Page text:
Date of Award

December 2020

Degree Type


Degree Name

Doctor of Philosophy



First Advisor

Ryan Holifield

Committee Members

Kristin Sziarto, Anne Bonds, Hyejin Yoon, Arijit Sen


Disadvantaged neighborhoods, New urban tourism, Place attachment, South Korea, Tourism gentrification, Urban regeneration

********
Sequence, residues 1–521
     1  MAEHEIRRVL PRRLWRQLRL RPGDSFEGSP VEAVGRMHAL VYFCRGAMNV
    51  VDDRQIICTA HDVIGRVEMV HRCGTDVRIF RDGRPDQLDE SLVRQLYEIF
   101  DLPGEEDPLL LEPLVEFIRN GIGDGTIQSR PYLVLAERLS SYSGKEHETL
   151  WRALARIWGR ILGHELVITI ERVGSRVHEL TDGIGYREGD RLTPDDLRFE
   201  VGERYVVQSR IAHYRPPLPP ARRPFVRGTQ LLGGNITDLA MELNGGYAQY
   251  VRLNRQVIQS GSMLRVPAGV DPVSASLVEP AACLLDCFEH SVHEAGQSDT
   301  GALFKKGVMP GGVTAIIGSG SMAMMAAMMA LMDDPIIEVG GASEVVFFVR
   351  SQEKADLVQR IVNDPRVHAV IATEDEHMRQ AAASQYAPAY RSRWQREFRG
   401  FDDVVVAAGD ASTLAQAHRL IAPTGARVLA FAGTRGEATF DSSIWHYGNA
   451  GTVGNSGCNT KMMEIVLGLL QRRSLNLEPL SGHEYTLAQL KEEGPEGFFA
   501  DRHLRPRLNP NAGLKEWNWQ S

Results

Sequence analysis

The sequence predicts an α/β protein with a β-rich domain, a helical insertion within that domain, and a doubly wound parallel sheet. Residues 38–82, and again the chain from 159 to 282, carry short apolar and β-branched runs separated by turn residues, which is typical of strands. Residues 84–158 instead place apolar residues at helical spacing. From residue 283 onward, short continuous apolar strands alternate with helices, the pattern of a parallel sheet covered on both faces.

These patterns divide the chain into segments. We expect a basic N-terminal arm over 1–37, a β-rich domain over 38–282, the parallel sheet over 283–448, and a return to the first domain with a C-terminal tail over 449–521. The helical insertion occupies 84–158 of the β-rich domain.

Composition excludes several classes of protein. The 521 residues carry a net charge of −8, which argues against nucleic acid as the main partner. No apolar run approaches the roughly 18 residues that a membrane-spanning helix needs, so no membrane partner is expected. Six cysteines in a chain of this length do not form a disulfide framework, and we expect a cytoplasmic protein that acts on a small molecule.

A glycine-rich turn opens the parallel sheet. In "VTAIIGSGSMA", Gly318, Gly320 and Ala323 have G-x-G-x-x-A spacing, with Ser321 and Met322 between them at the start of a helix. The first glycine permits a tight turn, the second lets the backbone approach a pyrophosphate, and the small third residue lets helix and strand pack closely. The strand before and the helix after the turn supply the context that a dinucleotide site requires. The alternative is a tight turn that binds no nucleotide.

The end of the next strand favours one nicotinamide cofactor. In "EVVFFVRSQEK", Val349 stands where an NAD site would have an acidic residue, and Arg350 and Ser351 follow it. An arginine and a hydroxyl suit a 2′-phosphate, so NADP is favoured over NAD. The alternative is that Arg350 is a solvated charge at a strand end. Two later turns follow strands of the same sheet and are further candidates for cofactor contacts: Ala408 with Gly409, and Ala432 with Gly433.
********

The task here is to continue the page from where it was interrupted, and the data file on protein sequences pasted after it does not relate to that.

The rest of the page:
This dissertation research uncovers how seemingly beneficial urban projects associated with tourism reinforce inequitable urban environments and loss of place by examining different perceptions and experiences of tourism-induced neighborhood change in disadvantaged neighborhoods in South Korea. I investigate how public art projects implemented by the government to regenerate daldongnes—informal hillside settlements—have brought economic and social disruption to residents and generated a series of contest outcomes. In this research, I examine how tourists’ perceptions and representation of the neighborhood in social media contribute to the (re)construction of the neighborhood, how the growth of tourism has influenced place attachment, and how residents and small-business owners experience indirect displacement induced by tourist gentrification. I use ethnographic fieldwork and qualitative methods to explore how, by whom, and with what effects the neighborhoods are reimagined and reconstructed as contradictory sites to visit and explore. I have demonstrated in my research that the coexistence of tourism and everyday life in the space of residential neighborhoods has led us to rethink a series of controversial outcomes accompanied by the process of neighborhood transformation. This includes the full understanding of perceptions and experiences of different stakeholders, a fluid and relational understanding of place attachment in touristifying neighborhoods, and an expanded understanding of displacement that includes both direct and indirect displacement. By doing so, my research contributes to a wide range of scholarship within urban and tourism geography, critical tourism studies, and Asian studies by engaging with interdisciplinary theories and concepts. My key findings are as follows. First, I contend that so-called ‘neighborhood improvement projects’ are, in fact, micro-scale projects of entrepreneurial place-making. The reproduction of daldongnes as tourism destinations primarily serves a “nostalgic fantasy” for a romanticized, fading past for outsiders, instead of properly addressing the real needs of marginalized residents. This disparity has served as the seed of a complex neighborhood conflict. Second, I claim that a fluid and relational understanding of place attachment is critical in understanding the complexity in daldongnes changing through touristification. I claim that place still matters in being an object of strong attachment, and people continuously construct, adapt, and reshape their place attachment during the process of tourism-induced neighborhood change. Thus, I contend that urban policy must recognize these dynamics of place attachment in order to address community conflicts likely to emerge with tourism development. Place attachment could not only positively bring the community together but also rupture relationships. Finally, focusing only on numbers of displaced people by excessive rent increases in a touristified daldongne presents a partial understanding of neighborhood change. This is because people can experience displacement without actual physical displacement. Thus, it is critical to engage with indirect displacement—emotional, psychosocial, and material impacts of displacement—to understand the phenomenon in a daldongne fully. While daldongnes are essential and exciting in their own right, the study of these neighborhoods enriches several bodies of literature and areas of geographic investigation. As I have demonstrated in this research, uncovering tourism-induced neighborhood change is an essential and inherently geographic phenomenon that reflects a complex people-place relationship that calls for more geographers' engagement. A critical analysis of such a tourism phenomenon serves not only as a way to unpack the broader issue of urban inequality and marginalization but also as a way to discover what sustainable, just, and inclusive urban-dwelling means and to envision ideal neighborhood change.